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Thursday, May 21, 2015

May 21 Boyd Briefs Now Available

The May 21 issue of Boyd Briefs is now available.

This week's edition features Professor Angela Morrison, student Michael Viets, and alumnus Matt Morris '13. 

In her three years as a faculty member at Boyd, Professor Morrison has made important contributions as a collaborative scholar, an effective teacher, and a committed institution-builder. So it is with pride, cheers, and gratitude, the faculty bids adieu to a colleague, friend, and 2005 Boyd alumna as Professor Morrison prepares to join the faculty at Texas A&M University School of Law in Fort Worth, Texas.

Viets, the victor of this year's 17th Annual Clark County Bar Association/Boyd School of Law Moot Court Competition, is a young man who came to Boyd with a unique background and compelling goals. A supporter of Israel and its people, Viets travelled there to volunteer for national service. His experience overseas charted his course and led him to law.

Morris serves in the Office of Governor Brian Sandoval as Legislative Policy Analyst and Externships Coordinator. In this capacity, he is responsible for managing the legislative operations of the Governor's Office during the 78th Legislative Session, coordinating legislative activity with Executive Branch agencies, and serving as a liaison to the State Legislature on behalf of the office.

To subscribe to Boyd Briefs, visit law.unlv.edu/BoydBriefs.

Wednesday, May 20, 2015

Professor Nancy Rapoport Talks Caesars Bankruptcy in Las Vegas Sun

Nancy B. Rapoport is the Gordon Silver Professor of Law at the William S. Boyd School of Law.

Professor Rapoport was featured in a May 20 Las Vegas Sun article titled “UNLV law professor is a key player in Caesars Entertainment bankruptcy case,” about her recent appointment to lead a committee to review bills for legal work as well as other professional fees and expenses tied to the Caesars bankruptcy proceedings.

Professor Rapoport described her job as “helping the court take a ‘first cut’ at determining the reasonableness of professional expenses, such as fees for attorneys and advisers.”

“One of the things that we look at is the ratio of those fees to the overall stuff that’s going on in the Chapter 11,” she said. “When you put it in the context of how much money is at stake overall, it’s typically pretty proportional. But it’s still a lot of money.”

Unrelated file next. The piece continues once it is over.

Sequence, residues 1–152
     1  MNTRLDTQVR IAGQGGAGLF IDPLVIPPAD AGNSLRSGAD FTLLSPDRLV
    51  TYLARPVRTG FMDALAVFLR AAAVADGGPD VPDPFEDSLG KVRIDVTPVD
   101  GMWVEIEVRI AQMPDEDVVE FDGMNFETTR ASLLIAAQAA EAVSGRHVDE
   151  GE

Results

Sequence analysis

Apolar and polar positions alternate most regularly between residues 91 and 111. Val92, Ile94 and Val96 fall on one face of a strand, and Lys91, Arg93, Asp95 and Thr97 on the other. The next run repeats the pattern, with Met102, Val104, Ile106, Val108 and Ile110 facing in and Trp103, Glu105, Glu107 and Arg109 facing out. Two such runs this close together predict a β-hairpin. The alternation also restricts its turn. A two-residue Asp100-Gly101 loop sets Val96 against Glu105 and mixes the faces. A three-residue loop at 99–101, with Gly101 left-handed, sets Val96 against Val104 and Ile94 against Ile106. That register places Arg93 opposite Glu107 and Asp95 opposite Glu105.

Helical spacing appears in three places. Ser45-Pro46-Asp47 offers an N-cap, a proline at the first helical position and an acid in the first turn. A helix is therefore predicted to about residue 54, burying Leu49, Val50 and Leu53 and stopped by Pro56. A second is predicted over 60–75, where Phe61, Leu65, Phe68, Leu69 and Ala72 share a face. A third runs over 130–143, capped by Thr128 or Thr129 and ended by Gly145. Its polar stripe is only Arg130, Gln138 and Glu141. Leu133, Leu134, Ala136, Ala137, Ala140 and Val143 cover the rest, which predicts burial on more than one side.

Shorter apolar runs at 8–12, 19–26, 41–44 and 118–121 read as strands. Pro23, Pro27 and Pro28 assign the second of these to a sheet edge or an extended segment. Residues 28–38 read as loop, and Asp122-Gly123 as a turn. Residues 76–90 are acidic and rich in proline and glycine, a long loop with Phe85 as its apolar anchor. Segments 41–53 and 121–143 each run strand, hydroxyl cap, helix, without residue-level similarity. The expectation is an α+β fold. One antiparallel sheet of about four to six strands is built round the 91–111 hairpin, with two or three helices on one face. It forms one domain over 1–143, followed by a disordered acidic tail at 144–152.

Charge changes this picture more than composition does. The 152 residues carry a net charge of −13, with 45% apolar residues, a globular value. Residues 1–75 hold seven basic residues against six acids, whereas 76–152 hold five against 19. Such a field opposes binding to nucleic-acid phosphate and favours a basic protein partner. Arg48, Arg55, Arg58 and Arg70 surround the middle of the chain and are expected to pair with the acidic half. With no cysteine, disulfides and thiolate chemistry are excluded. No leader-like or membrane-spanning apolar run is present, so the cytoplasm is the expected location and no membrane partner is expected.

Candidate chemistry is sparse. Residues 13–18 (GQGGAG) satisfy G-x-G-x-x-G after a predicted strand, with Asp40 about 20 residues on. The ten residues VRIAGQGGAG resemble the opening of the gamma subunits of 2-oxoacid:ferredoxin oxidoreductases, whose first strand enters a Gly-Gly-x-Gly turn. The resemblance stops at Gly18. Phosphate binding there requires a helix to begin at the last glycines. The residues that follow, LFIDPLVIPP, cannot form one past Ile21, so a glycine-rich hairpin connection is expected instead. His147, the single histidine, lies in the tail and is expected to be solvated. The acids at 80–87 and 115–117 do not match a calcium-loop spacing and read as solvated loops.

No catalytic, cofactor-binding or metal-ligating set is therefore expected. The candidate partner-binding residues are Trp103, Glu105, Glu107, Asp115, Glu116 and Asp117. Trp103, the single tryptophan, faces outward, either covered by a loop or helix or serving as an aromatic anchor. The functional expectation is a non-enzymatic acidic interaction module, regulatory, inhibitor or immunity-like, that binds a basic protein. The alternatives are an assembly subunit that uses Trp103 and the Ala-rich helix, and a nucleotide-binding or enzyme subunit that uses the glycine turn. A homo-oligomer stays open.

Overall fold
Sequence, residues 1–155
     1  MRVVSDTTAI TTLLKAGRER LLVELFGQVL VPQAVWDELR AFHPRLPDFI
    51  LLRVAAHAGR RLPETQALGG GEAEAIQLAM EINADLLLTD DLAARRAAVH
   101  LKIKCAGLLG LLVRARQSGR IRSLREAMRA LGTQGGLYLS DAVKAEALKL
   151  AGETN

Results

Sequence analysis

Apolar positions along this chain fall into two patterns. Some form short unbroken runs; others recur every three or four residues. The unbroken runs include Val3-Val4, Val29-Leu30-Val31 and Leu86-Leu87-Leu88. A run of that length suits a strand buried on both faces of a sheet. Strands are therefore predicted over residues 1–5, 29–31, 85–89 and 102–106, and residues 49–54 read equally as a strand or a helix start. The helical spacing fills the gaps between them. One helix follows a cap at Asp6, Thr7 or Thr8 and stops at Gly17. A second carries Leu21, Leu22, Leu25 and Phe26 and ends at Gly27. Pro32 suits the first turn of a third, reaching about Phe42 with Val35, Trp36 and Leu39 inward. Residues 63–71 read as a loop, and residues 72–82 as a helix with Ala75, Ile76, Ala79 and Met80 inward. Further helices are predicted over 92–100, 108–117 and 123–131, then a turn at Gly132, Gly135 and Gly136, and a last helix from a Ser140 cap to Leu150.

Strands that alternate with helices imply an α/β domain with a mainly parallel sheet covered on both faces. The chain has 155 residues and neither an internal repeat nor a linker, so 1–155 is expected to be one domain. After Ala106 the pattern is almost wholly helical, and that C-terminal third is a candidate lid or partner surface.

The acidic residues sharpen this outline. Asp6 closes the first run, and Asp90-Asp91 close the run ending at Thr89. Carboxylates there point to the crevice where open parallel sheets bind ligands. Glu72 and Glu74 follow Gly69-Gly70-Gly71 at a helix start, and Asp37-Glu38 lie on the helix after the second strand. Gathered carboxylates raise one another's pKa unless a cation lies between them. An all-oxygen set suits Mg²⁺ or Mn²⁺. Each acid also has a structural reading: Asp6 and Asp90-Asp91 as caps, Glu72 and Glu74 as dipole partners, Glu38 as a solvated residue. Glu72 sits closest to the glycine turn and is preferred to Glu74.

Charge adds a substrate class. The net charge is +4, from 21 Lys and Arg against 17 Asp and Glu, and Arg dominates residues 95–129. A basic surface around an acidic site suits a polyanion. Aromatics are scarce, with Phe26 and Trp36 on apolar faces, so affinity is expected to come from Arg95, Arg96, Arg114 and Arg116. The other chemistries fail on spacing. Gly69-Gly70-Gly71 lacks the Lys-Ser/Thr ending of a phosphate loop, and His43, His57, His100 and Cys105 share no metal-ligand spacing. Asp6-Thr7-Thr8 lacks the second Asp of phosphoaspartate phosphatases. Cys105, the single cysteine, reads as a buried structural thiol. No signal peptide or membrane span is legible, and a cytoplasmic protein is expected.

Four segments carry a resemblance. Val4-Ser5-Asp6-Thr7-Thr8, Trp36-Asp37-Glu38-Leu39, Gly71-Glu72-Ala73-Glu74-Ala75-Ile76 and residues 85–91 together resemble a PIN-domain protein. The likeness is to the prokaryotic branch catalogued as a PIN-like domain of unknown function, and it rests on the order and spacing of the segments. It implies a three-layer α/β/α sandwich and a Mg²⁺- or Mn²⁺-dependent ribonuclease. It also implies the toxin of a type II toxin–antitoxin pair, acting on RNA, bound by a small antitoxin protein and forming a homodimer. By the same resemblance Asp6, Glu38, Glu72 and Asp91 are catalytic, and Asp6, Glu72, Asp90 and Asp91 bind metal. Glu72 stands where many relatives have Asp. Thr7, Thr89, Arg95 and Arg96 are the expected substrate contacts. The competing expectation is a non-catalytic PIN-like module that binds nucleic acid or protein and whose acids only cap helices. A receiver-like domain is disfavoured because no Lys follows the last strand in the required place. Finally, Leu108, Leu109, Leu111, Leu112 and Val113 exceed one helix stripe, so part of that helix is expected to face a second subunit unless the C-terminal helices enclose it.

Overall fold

Professor Rapoport's specialties are bankruptcy ethics, ethics in governance, and the depiction of lawyers in popular culture.

Professor Mary Berkheiser and Boyd Alumnus James Murphy ’03 Spotlighted on UNLV’s News Center

Mary Berkheiser is the Joyce Mack Professor of Law and director of the Juvenile Justice Clinic at the Boyd School of Law.

Professor Berkheiser and Boyd alumnus James Murphy ’03 were spotlighted in a May 19 article titled “Watchdog: Advocate James Dold” on UNLV’s News Center.

The article profiled UNLV alumnus James Dold, advocacy director for the Campaign for the Fair Sentencing of Youth in Washington, D.C., and his work to end life-without-parole for those who committed a crime as a juvenile but were tried as an adult. Currently, he is partnering with Boyd’s Juvenile Justice Clinic to organize the push in Nevada.

Professor Berkheiser, a champion of the cause, said Dold has “brought a national perspective to their efforts.”

“James also has the added benefit of being a Nevadan who understands the dynamics on the ground here,” she said. “The time and energy he has devoted here will be crucial to enacting legislation. Right now, those sentenced to life without parole will die in prison for crimes committed when they were just kids. New legislation will give them an opportunity to appear before the parole board and demonstrate their maturation and readiness for life outside the prison walls.”

In the article, Dold also credits Boyd alumnus and former UNLV history teacher Murphy for steering him toward law school, saying “He took me under his wing a bit because of my writing ability and the assignments I did for him. I think he probably stuck out in my mind in terms of a professor who encouraged my development down the legal path.”

Professor Berkheiser's areas of expertise include clinical legal education and teaching, criminal procedure, juvenile law, criminal law, and appellate law.

Murphy is a senior lawyer with the Las Vegas firm of Laxalt & Nomura.

Professor Michael Kagan Talks Refugee Camps on CBC Radio

Michael Kagan is co-director of the Immigration Clinic at the William S. Boyd School of Law.